Alemtuzumab is currently being used for induc-tion and for treatment of rejection (Morris, 2006). In a recent review of immunosuppression trends in the United States, alemtuzumab use has markedly increase in the past 3 years, with use primarily limited to induction (Table 2). In 2004, alemtuzumab was the predominant agent used for induction in both pancreas and intestinal transplant recipients (Meier-Kriesche et al., 2006). Use in liver transplant has been limited, buthas appeared in a couple of published trials. Specific findings from these trials indicate that patients without hepatitis C were able to tolerate lower levels of calcineurin inhibitors which corresponded to lower serum creatinine levels at one year post transplant (Tzakis et al., 2004). In contrast, administration of alemtuzumab positively correlated with early recur-rence of hepatitis C viral replication (Marcos et al., 2004). Alemtuzumab induction has allowed for early withdrawal of corticosteroids in several clinical trials, thereby decreasing long-term exposure which has been correlated with an increased incidence of cardiovas-cular disease, endocrine and metabolic side effects. However, early trials in which calcineurin inhibitor avoidance was initiated, the rate of early acute anti-body-mediated rejection was 17% compared to 10% under traditional immunosuppression which included calcineurin inhibitors (Magliocca, 2006).
The infusion of alemtuzumab is well tolerated. In general, induction doses are administered imme-diately preceeding reperfusion of the transplanted allograft. Pre-treatment with corticosteroids, diphen-hydramine and acetaminophen is generally advised to prevent sequelae from cellular apotosis. However, cytokine release associated with alemtuzumab is insignificant in comparison to other agents (Morris, 2006).
Currently, there are few published experiences detailing long-term outcomes in patients who re-ceived alemtuzumab induction (Magliocca, 2006). Initially clinicians were concerned that the profound lymphodepletion that was observed following admin-istration would lead to a significant increase in the number of severe infections. Therefore, lymphocyte response to donor antigens following alemtuzumab administration was also evaluated in vitro (Bloom et al., 2006). Lymphocytes from patients treated with alemtuzumab were able to respond to donor antigens and cytokines. A small subset of patients, however, were hyporesponsive which is similar to the control patients observed in this study (Bloom et al., 2006). In addition, several reports detailing the use of alemtu-zumab thus far suggest that both infection and malignancy rates are minimal when compared to other agents used for the same indication (Morris, 2006; Magliocca, 2006). At present, the most signifi-cant concern associated with alemtuzumab adminis-tration is an increased incidence of autoimmune diseases. The exact incidence and etiology of auto-immune diseases following alemtuzumab administra-tion in solid organ transplant is currently unknown. Initial reports of autoimmune diseases associated with alemtuzumab administration came from the multiple sclerosis population. A single center observed the development of Grave’s disease in 9 out of 27 patients who received alemtuzumab (Coles et al., 1999).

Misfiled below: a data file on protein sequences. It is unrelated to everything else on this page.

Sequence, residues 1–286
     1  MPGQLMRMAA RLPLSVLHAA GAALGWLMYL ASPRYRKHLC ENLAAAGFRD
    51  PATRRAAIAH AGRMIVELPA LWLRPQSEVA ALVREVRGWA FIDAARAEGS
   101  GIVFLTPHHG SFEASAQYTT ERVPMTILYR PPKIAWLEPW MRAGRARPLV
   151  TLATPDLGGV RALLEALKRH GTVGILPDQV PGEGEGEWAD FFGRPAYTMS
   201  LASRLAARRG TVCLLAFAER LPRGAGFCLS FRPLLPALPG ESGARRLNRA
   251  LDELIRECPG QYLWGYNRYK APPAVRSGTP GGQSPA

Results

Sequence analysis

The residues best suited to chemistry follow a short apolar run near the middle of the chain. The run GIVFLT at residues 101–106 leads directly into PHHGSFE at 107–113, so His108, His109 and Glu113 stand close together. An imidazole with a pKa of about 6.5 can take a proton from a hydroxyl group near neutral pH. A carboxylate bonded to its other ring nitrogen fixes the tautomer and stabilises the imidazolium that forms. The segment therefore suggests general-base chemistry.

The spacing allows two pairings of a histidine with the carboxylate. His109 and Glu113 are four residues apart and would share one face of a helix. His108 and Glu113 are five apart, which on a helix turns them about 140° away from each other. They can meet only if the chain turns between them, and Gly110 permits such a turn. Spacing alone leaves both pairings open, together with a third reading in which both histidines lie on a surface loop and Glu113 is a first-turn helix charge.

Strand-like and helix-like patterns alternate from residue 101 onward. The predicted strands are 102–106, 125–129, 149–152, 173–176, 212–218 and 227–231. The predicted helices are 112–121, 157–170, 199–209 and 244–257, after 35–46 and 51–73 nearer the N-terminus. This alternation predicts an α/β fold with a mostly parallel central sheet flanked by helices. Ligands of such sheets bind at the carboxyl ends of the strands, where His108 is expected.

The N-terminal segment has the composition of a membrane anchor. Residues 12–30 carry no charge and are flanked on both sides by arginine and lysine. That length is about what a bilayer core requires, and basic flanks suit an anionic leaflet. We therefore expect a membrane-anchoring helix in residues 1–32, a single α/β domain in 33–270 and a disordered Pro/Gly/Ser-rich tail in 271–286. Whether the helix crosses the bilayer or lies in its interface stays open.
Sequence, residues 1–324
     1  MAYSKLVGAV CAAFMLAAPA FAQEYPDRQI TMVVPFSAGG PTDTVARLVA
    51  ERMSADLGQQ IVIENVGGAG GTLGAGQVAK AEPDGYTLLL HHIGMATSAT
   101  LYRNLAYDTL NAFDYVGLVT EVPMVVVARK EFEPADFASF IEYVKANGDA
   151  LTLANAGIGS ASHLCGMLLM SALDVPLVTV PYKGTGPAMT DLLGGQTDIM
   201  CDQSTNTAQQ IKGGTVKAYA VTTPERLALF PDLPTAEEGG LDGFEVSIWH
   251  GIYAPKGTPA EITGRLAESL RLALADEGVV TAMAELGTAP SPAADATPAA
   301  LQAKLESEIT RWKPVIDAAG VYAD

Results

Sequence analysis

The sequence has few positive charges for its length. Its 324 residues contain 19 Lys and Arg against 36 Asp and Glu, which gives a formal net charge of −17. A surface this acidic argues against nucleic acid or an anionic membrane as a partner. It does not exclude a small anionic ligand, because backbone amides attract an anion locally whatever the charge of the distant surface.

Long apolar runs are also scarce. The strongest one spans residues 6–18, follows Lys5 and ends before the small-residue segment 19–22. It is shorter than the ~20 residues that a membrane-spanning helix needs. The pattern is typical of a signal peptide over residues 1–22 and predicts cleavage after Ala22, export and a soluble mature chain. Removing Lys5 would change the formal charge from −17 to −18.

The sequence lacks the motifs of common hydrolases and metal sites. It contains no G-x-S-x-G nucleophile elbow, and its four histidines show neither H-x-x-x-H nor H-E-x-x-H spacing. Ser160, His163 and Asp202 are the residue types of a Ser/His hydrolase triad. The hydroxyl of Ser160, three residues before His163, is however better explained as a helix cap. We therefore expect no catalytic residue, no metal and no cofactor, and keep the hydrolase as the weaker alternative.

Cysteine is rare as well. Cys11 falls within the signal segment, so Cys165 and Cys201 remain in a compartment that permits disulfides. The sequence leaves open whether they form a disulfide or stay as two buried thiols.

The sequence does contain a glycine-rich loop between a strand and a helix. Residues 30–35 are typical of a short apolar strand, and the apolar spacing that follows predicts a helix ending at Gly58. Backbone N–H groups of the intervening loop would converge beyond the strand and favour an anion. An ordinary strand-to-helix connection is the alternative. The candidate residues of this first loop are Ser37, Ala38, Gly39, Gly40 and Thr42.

Thyroid function in all patients was normal prior to alemtuzumab and the mean time to development of autoimmune hyperthyroidism was 19 months (range 9 to 31 months) (Coles et al., 1999). Autoimmune hyperthyroidism was first reported in a kidney transplant recipient who received alemtuzumab in-duction 4 years earlier (Kirk et al., 2006). Watson et al. (2005) recently published a 5 years experience with alemtuzumab induction, in which they reported a 6% (2/33) incidence of autoimmune disease development following administration. One patient developed hyperthyroidism in the early post-transplant period and one patient developed hemolytic anemia which was refractory to corticosteroids. With the increased use of alemtuzumab in solid organ transplant the actual risk of autoimmune disease development may be more accurately assessed in the next decade.